I put this together recently for my literacy class. I’m posting here mainly because I there’s quite a variety of questions that can be asked in a textbook scavenger hunt. I think I did a pretty good job of covering a wide range of potential questions and having them available in the future should speed up the process. The textbook I used is one of the books required for my literacy class, so it’s not exactly representative of a book you might use in a high-school classroom, but the principals are the same
Why teach literature at all? I easily develop an anxious attitude about the difficulty of demonstrating specific value and utility for things like literature that are hard to evaluate. I feel an unconscious responsibility to have an exact answer about things that I love. As usual, I find John Gardner’s take on the question really gratifying and liberating. Literature brings me joy. For almost any purpose, that is enough of an answer. The details are less important. I’ll let him explain
The business of education is to give the student both useful information and life enhancing experience, one largely measurable, the other not; and since the life-enhancing value of a course is difficult to measure – since, moreover, many people in a position to put pressure on educational programs have no real experience in or feeling for the arts – it is often tempting to treat life-enhancement courses as courses in useful information, putting them on the same “objective” level as courses in civics, geometry or elementary physics.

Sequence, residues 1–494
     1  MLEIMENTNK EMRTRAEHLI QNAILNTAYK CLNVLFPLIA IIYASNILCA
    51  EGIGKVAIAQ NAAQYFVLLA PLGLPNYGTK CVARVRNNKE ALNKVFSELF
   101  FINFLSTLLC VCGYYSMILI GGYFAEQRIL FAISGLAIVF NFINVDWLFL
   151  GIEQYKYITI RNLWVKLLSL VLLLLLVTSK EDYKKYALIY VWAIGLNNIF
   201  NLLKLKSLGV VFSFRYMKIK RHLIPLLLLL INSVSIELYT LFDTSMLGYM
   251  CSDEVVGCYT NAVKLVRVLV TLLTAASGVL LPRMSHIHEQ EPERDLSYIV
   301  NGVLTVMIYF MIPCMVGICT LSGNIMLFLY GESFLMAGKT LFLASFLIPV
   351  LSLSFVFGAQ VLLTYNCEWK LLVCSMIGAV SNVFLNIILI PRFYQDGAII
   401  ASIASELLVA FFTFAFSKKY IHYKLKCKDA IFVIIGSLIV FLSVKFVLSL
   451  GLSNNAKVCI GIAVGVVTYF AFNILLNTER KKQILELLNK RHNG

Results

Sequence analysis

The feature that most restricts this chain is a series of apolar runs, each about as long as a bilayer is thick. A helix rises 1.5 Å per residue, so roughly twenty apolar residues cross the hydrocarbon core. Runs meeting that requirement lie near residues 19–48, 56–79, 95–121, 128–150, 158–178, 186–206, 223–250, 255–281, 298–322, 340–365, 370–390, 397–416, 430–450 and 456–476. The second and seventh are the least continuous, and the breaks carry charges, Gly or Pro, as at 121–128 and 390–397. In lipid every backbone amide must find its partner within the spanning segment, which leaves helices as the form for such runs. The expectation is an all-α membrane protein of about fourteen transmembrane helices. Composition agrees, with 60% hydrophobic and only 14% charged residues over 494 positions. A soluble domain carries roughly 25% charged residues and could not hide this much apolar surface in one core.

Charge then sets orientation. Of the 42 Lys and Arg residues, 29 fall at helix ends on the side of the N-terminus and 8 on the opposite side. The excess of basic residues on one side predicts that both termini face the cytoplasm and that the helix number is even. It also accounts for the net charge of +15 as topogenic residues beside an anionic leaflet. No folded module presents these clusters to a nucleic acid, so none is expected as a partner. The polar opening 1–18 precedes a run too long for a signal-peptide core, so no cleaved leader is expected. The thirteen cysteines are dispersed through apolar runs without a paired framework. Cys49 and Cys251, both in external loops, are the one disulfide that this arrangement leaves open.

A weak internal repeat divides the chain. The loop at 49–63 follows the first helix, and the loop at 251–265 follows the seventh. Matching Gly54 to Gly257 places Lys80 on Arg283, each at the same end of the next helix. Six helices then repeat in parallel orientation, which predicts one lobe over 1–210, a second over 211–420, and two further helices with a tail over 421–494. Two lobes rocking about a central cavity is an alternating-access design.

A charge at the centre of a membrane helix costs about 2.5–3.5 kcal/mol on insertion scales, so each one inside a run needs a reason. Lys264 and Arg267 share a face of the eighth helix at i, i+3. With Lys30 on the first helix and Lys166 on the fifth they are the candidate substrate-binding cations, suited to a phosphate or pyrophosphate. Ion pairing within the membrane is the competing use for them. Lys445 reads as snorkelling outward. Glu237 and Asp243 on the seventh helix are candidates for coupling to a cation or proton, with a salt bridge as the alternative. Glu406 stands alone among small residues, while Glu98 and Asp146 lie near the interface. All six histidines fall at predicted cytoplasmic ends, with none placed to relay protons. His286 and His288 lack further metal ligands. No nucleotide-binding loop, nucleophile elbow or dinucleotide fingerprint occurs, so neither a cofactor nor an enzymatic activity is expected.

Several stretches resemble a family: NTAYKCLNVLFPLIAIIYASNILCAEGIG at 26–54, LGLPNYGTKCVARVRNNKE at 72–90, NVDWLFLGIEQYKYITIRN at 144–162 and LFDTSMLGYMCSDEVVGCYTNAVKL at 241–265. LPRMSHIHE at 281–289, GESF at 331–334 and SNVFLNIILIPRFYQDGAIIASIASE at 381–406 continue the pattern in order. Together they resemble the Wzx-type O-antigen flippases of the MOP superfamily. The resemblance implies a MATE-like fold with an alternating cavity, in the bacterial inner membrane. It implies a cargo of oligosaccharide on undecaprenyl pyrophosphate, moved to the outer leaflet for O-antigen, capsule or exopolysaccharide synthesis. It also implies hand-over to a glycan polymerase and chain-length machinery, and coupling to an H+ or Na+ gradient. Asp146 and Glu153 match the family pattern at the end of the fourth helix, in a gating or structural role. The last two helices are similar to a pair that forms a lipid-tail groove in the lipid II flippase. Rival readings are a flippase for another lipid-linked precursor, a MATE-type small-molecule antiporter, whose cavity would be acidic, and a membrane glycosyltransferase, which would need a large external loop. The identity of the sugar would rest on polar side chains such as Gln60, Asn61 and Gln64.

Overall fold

So it comes about that books are taught (officially, at least) not because they give joy, the incomparably rich experience that we ask and expect of all true art, but because, as a curriculum committee might put it, they “illustrate major themes in American literature,” or “present a clearly stated point of view and can thus serve as a vehicle for such curriculum objectives as (1) demonstrating an awareness of the author’s purpose and (2) reading critically, and (3) identifying organizational patterns in literary selections used to support a point of view.” One cannot exactly say that such teaching in pernicious, but to treat great works of literature in this way seems a little like arguing for the preservation of dolphins, whales, chimps, and gorillas solely on the grounds of preserving ecological balance.
John Gardner’s “The Art of Fiction” is the best book on the difficult task of fiction-writing I have ever read. I have only read a few such books, but I would bet money that Gardner’s is one of the very best.
Do you have to cite things on a blog? Probably not….? Here’s the APA citation just in case.
Gardner, J. (1991). The art of fiction. New York: Vintage Books. Pg. 40-41
Since I want to use blogging in my classroom, and since I am baffled by many of the finer points of blogging, including tags and categories, I found this article from the “Elegant Themes” blog very helpful and I think students would too. It’s a basic primer that very clearly and simply describes their intended uses and how they differ. It skirts around the deeper implications, like SEO optimization without ignoring them or pretending they’re not important.